News Post2020

Colombia will host the next United Nations Biodiversity Conference

Photo Credit: Ocean Image Bank // Tom Vierus

ICRI Member Colombia is the only South American Country with both Pacific and Caribbean Coasts, with a total coastline of approximately 3000km and an extensive marine area totalling 928,660km2. These marine and coastal areas host a diverse range of ecosystems including coral reefs, mangroves, beaches, seagrass beds, wetlands, seamounts, and other oceanic features.

The official acceptation of Colombia to host the next United Nations Biodiversity Conference, to be held from 21 October to 1 November 2024, is incredibly important for coral reefs and their associated ecosystems as they are vital components of marine biodiversity, and international cooperation is crucial to address the challenges they face.

In announcing Colombia’s offer, H. E. Susana Muhamad, Minister of Environment and Sustainable Development of Colombia, said “This is going to be a great opportunity for one of the most biodiverse nations in the world. This event sends a message from Latin America to the world about the importance of climate action and the protection of life. It highlights the commitment of Colombia, of President Gustavo Petro and the entire country, to preserve our planet.”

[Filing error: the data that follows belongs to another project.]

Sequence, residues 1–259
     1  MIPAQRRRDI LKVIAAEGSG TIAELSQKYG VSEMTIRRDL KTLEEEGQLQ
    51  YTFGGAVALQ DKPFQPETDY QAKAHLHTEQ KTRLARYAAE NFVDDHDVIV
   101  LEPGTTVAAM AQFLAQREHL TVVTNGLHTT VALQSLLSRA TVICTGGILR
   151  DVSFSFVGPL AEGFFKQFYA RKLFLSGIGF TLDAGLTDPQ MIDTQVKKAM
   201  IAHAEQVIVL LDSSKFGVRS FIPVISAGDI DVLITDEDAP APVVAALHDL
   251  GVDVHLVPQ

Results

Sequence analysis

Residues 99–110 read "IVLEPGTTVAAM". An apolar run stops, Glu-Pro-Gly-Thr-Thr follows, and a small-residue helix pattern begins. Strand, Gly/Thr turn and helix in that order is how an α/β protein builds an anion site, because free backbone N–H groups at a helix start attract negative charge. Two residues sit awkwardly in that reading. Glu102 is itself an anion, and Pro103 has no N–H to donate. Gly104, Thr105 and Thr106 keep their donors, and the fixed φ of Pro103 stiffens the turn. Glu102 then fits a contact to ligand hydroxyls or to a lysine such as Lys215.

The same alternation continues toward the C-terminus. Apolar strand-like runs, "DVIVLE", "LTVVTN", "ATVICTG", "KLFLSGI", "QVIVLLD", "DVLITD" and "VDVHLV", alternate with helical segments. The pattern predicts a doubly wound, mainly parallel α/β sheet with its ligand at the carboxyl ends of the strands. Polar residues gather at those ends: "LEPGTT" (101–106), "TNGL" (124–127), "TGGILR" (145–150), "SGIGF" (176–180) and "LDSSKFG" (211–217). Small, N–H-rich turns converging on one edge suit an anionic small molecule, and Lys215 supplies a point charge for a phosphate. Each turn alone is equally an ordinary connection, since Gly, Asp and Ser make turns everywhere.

Although coral reefs are not explicitly mentioned within the GBF, the framework and targets remain applicable. Coral reef conservation is essential for maintaining overall biodiversity, ecosystem services, and the well-being of both marine and human communities. Through the work of the post-2020 ICRI ad hoc committee, the healthy coral reef indicators were presented with three asks for coral.

Moreover, the CBD COP allows member countries to negotiate and establish policies, guidelines, and action plans to protect and sustainably manage biodiversity, including coral reefs. These policies can provide a framework for national and international actions to address specific threats to coral reef ecosystems. The CBD also provides opportunities for capacity building and knowledge exchange among member countries which is important for enhancing the ability of nations to monitor, manage, and conserve coral reefs and their associated ecosystems.

In response to coral reefs, and their associated ecosystems, not being explicitly referenced within the adopted GBF’s 4 goals and 23 targets, ICRI established a new ad hoc committee at the 37th ICRI General Meeting in September 2023, integrating coral reefs into National Biodiversity Strategies and Action Plans (NBSAPs).

COP 16 will be the first Biodiversity COP since the adoption of the Kunming-Montreal Global Biodiversity Framework at COP 15 in December 2022 in Montreal, Canada.

For full CBD press release click here
Member Colombia

Share This

Copy Link to Clipboard